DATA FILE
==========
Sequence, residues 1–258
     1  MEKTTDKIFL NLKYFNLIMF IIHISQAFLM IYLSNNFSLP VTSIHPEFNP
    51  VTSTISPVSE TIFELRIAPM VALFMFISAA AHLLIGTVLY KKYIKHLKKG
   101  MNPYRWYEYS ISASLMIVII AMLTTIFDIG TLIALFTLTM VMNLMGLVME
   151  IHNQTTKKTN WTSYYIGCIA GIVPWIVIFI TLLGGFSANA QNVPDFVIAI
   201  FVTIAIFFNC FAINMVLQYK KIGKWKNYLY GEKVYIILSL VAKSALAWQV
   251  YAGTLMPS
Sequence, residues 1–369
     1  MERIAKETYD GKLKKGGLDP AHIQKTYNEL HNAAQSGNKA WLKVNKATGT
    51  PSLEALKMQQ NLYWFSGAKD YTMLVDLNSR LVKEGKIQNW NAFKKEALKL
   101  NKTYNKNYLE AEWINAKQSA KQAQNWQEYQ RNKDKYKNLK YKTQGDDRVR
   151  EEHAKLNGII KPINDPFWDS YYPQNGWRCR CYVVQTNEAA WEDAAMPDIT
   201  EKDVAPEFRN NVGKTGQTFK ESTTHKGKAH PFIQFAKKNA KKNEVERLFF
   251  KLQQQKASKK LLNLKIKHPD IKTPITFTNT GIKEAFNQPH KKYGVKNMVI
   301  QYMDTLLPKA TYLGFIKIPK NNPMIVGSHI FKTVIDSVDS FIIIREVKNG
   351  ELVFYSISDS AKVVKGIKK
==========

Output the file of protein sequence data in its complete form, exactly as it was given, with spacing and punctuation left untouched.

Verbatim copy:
Sequence, residues 1–258
     1  MEKTTDKIFL NLKYFNLIMF IIHISQAFLM IYLSNNFSLP VTSIHPEFNP
    51  VTSTISPVSE TIFELRIAPM VALFMFISAA AHLLIGTVLY KKYIKHLKKG
   101  MNPYRWYEYS ISASLMIVII AMLTTIFDIG TLIALFTLTM VMNLMGLVME
   151  IHNQTTKKTN WTSYYIGCIA GIVPWIVIFI TLLGGFSANA QNVPDFVIAI
   201  FVTIAIFFNC FAINMVLQYK KIGKWKNYLY GEKVYIILSL VAKSALAWQV
   251  YAGTLMPS
Sequence, residues 1–369
     1  MERIAKETYD GKLKKGGLDP AHIQKTYNEL HNAAQSGNKA WLKVNKATGT
    51  PSLEALKMQQ NLYWFSGAKD YTMLVDLNSR LVKEGKIQNW NAFKKEALKL
   101  NKTYNKNYLE AEWINAKQSA KQAQNWQEYQ RNKDKYKNLK YKTQGDDRVR
   151  EEHAKLNGII KPINDPFWDS YYPQNGWRCR CYVVQTNEAA WEDAAMPDIT
   201  EKDVAPEFRN NVGKTGQTFK ESTTHKGKAH PFIQFAKKNA KKNEVERLFF
   251  KLQQQKASKK LLNLKIKHPD IKTPITFTNT GIKEAFNQPH KKYGVKNMVI
   301  QYMDTLLPKA TYLGFIKIPK NNPMIVGSHI FKTVIDSVDS FIIIREVKNG
   351  ELVFYSISDS AKVVKGIKK